Northern facade and entrance of Keith Marischal House
|Location||Humbie, East Lothian|
|Coordinates||55°52′11″N 2°52′55″W / 55.869722°N 2.881944°WCoordinates: 55°52′11″N 2°52′55″W / 55.869722°N 2.881944°W|
|Official name: Keith Marischal House|
|Designated||5 February 1971|
|Official name: Keith Kirk|
|Designated||20 June 1936|
Location in East Lothian
Keith Marischal is a Scottish Baronial Country house lying in the parish of Humbie, East Lothian, Scotland. The original building was an "L-shaped" Tower house, built long before 1589 when it was extended into a "U-shaped" courtyard house. The building acquired its modern appearance in the 19th century, when the courtyard was filled in. The house is protected as a category B listed building.
Early and mediaeval history
The lands of Keith were possessed in the reign of King David I by Simon Fraser of Keith, the first of that surname to appear on record in Scotland. Fraser was one of the Normans who accompanied King David Scotland back to Scotland. Fraser was made Sheriff of Tweeddale. He is recorded in a charter gifting some lands and dedicating a church to the Tironensian Brothers at Kelso Abbey.
It is unclear how the policies at Keith were transferred to another Norman, Hervey de Keith the King's Marischal. It is likely that the lands formed part of a dowry. Hervey, certainly held the lands at Keith when he erected a Church there at the end of the 12th century obeying a royal decree to that effect. Latterly Hervey's progeny took their name from their estate as was common at the time
Today's parish of Humbie was originally split into the divisions of "Keith Harvey" and "Keith Hundeby" (occasionally "Keith Symmars") and formed the major part of the estate of the Keiths, until they were granted the rock of Dunnottar in Aberdeenshire at the close of the 14th century. Hervey's descendants were made hereditary Marischal of Scotland in 1176.
16th and 17th centuries
The house was built as an L plan tower before 1589 by George Keith, 5th Earl Marischal on the remainder of a previous construction which is heavily obscured, only just discernible in the massive thickness of the southern ground floor internally. Within the grounds, there is evidence of a Barmekin and earthworks in the adjoining cattle meadow which would indicate a mediaeval or earlier settlement or castleton.
George, 5th Earl Marischal, had stood proxy for King James VI during his marriage to Anne of Denmark in August 1589. The roof trusses of the tower are reputed to have been made from timber gifted to him by the Danish King Christian VI for services rendered. King James went to Norway in November 1589 to collect his bride in person, returning the following spring. As they were entering the Firth of Forth, a storm broke out, threatening the royal flotilla. The superstitious James blamed the tempest on witchcraft; this led to the infamous North Berwick Witch trials. Although the coven was reputedly led by Francis Stewart, 1st Earl of Bothwell, one of the leading accused was Agnes Sampson. Sampson was known as the "Wise Wife of Keith" and lived at Nether Keith, some quarter of a mile from the house. Indeed, one of the latest witch trials in Scotland took place at Humbie in 1678. The accused were held within the Chapel at Keith Marischal for the evening prior to their execution, which took place at Dow Syke (lit. dismal hollow) one mile to the north of the house.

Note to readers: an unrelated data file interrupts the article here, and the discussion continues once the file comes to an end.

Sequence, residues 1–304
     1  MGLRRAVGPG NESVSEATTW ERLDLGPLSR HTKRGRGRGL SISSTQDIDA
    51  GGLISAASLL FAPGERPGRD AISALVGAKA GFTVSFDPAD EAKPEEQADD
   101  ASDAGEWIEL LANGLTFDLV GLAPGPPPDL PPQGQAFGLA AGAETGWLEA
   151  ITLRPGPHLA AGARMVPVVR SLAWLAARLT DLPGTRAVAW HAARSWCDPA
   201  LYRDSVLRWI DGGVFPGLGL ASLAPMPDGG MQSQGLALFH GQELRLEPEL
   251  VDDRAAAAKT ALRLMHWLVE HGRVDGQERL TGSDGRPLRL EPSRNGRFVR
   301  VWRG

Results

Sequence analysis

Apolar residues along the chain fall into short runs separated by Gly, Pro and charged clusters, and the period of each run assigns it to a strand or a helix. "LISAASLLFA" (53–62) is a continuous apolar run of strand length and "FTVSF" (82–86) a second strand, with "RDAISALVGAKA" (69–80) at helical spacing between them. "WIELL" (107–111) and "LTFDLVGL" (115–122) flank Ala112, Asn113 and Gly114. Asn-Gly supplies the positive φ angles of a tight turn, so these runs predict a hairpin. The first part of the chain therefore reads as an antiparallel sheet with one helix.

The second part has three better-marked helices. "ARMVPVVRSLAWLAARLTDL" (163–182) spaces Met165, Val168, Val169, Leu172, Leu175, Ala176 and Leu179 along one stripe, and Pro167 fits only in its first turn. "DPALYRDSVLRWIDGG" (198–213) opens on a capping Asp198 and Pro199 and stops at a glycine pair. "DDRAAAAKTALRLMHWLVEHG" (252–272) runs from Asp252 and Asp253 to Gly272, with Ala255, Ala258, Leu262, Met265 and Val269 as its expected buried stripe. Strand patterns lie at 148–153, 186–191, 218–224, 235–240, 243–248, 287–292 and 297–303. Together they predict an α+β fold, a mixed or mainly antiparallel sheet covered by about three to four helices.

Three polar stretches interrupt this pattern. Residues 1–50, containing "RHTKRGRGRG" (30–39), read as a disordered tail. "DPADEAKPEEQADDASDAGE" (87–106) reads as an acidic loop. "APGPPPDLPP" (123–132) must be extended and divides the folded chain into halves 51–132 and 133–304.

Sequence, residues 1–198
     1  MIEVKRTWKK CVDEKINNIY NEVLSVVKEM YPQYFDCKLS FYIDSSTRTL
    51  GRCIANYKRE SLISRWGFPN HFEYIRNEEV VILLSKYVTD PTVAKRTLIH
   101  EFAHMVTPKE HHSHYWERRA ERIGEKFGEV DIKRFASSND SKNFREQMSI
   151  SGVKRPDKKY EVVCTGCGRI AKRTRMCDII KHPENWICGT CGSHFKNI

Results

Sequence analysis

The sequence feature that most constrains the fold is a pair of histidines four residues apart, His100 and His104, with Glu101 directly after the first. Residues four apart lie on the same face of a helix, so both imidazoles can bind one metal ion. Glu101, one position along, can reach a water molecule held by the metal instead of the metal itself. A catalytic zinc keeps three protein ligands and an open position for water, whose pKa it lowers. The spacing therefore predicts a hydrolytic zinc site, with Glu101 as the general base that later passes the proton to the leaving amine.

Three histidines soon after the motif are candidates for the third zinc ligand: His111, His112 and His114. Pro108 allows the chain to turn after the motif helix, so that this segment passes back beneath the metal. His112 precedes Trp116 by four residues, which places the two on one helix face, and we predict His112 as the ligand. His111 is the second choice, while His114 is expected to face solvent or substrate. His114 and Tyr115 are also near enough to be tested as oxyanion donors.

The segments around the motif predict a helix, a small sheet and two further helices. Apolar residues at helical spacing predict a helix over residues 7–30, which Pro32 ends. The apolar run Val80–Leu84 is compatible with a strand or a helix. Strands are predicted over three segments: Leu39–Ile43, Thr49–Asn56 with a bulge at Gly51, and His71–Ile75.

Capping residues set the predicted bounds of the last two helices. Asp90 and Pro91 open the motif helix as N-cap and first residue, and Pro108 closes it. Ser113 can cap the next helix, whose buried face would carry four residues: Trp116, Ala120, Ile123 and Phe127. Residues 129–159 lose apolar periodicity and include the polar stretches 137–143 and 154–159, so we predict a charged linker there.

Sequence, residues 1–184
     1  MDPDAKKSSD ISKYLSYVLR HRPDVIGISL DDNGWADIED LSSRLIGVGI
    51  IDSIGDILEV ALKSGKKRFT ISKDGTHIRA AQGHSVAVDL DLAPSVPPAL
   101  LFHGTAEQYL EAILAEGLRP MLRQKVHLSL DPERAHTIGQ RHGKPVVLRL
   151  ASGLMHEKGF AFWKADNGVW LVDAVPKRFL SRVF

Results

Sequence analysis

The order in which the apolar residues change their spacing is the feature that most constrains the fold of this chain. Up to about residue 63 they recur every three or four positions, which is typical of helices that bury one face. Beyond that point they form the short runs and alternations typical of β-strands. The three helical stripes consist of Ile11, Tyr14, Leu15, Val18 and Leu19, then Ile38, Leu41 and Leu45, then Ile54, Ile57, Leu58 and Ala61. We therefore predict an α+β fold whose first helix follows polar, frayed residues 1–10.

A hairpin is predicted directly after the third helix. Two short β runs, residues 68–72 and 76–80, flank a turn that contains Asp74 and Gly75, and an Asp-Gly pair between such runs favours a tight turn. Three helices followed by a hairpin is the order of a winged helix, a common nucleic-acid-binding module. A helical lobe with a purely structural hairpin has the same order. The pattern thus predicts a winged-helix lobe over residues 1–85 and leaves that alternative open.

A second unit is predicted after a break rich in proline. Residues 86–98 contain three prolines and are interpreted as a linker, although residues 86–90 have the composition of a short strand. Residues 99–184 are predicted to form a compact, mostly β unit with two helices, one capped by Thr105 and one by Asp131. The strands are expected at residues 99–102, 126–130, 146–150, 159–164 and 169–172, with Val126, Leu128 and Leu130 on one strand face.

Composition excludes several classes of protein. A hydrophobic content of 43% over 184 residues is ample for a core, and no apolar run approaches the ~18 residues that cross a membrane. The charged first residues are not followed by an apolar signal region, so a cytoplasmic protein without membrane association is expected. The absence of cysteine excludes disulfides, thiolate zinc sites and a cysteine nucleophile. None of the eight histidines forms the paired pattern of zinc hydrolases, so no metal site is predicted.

18th century to the present
Its sale in the late 17th century to the Earls of Hopetoun, was to see much structural alteration to the building. The Hopes were originally an Edinburgh family with strong links to the law. During the Williamite Revolution the Keiths were attainted as Jacobites. The Earl Marischal was coerced into the redistribution of his properties, Keith Marischal included. The property was sold to either Sir Thomas Hope, 1st Baronet or his son Sir James Hope of Hopetoun. The Hope family were engaged in wholesale acquisition of the property of Jacobite sympathisers and eventually managed to amass massive estates in the Lothians over the course of the 18th century. it is they who carried out the quasi-symmetrical extension to the west of the house to construct a new wing, forming a courtyard house. The east wing being the original tower.
Before 1889, it was sold to the family of Patrick Fraser Tytler who hired the Edinburgh firm of Peddie and Kinnear to construct an extension that would fill in the courtyard and provide corridors in the building rather than the more archaic passage from room to room. It is at this time that the exterior was baronialised with faux turrets and crawstep gabling to complement those extant. In 1953, the property was acquired by the architect Sir Robert Hogg Matthew; it is currently owned by the Rogers family.
The ruined chapel that stands in the grounds of the House, is a scheduled ancient monument, which is of early Norman Gothic style. The structure is presumably that church that Harvey de Keith raised by decree of King David. There is a 19th-century plaque commemorating this on the chancel gable. Although unsympathetically restored and stabilised in that period as a folly, there is still a wealth of detail that points to its antiquity. These include a fine early 17th-century monument to the Anderson family, spiro-form carvings on the exterior of the Ogee window of possible Rosicrucian significance, and the unidentified tombstone of a crusading knight. It is possible that this is a memorial to Sir William Keith, a companion of Sir James Douglas on his campaign to take the heart of Robert the Bruce to the Holy Land. Upon the failure of that mission Keith brought back the heart of Bruce to Melrose Abbey, and the body of Douglas to St. Bride's Church, Douglas.
- Ordnance Gazetteer of Scotland,:A survey of Scottish Topography, Statistical, Biographical and Historical Vol.IV, ed. Francis H. Groome. Thomas C. Jack, Edinburgh 1883